Carved from the former Spanish land grant known as Rancho Los Feliz, Griffith Park, a rugged, 4,300-acre wilderness located in the heart of Los Angeles, has been the principal playground for Angelenos for more than a century.
E.J. Stephens, film historian and co-author of “Images of America: Griffith Park,” will give a talk on the history of the park at the SCV Historical Society’s train station museum Saturday, May 19, at 2 p.m.
Following the lecture, Stephens will be signing the Griffith Park history book he co-authored with Marc Wanamaker. This pictorial history is one of the latest volumes in Arcadia Publishing Co.’s popular “Images of America” series, which affords readers a unique opportunity to reconnect to the history that shaped their community.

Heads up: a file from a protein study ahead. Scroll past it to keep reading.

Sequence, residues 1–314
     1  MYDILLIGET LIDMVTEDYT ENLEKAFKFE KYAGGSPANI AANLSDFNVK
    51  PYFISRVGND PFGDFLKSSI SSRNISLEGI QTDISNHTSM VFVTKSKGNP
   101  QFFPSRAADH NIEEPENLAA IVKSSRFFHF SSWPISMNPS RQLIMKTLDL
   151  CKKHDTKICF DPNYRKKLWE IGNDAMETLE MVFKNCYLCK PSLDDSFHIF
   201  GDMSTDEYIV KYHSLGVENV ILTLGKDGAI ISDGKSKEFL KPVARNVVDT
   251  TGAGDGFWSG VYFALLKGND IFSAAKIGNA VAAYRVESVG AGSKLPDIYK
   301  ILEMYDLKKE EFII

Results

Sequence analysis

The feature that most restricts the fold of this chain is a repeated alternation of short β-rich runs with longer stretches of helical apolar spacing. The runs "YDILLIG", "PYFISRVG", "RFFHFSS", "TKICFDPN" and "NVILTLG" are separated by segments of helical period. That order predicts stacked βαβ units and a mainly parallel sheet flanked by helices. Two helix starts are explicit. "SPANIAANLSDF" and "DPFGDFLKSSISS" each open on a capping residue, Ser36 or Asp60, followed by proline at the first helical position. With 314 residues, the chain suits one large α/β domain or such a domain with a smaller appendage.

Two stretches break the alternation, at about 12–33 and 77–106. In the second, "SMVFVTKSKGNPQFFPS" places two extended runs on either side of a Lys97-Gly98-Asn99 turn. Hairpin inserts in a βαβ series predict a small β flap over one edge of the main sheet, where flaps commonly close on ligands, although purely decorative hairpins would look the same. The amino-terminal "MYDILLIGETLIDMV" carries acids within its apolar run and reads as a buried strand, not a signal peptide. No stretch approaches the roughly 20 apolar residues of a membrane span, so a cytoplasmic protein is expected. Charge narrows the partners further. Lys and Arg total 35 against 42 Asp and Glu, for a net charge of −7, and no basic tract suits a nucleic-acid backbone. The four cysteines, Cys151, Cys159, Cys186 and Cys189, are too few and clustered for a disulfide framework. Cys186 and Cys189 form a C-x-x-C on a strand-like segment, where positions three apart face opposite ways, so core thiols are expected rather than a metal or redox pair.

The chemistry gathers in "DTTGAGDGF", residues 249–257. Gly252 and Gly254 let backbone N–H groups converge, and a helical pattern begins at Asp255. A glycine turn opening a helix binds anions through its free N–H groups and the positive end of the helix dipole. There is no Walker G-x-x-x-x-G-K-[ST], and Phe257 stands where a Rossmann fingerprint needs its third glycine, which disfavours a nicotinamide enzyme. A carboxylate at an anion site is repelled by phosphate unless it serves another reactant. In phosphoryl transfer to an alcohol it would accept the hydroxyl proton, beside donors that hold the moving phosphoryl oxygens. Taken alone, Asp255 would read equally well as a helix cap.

Since 1896 when the land was donated to the city by controversial philanthropist Col. Griffith J. Griffith, generations of week-enders have picnicked, camped, golfed, ridden horses, hiked, bicycled and played ball in Griffith Park. To this day, visitors still climb aboard its mini-train and merry-go-round and explore its zoo, museums, amphitheater and world-famous observatory.
The park, which lies in the shadow of the Hollywood sign, has been a frequent filming site for legendary movies such as “Back to the Future,” “Birth of a Nation” and “Rebel Without a Cause.”
The general public is welcome to attend the lecture. Admission is free. The Saugus Train Station Museum is located inside William S. Hart Park in Newhall. For more information on this and other upcoming SCV Historical Society programs, visit SCVHS.org or call Alan Polack at 661-254-1275 or send email to firstname.lastname@example.org.